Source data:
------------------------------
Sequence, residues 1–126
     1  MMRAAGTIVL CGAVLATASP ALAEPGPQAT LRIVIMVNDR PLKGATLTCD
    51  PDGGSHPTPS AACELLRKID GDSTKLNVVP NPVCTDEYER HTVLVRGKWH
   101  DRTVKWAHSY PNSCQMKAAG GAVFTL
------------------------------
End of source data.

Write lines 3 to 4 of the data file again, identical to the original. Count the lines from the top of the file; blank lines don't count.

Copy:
    51  PDGGSHPTPS AACELLRKID GDSTKLNVVP NPVCTDEYER HTVLVRGKWH
   101  DRTVKWAHSY PNSCQMKAAG GAVFTL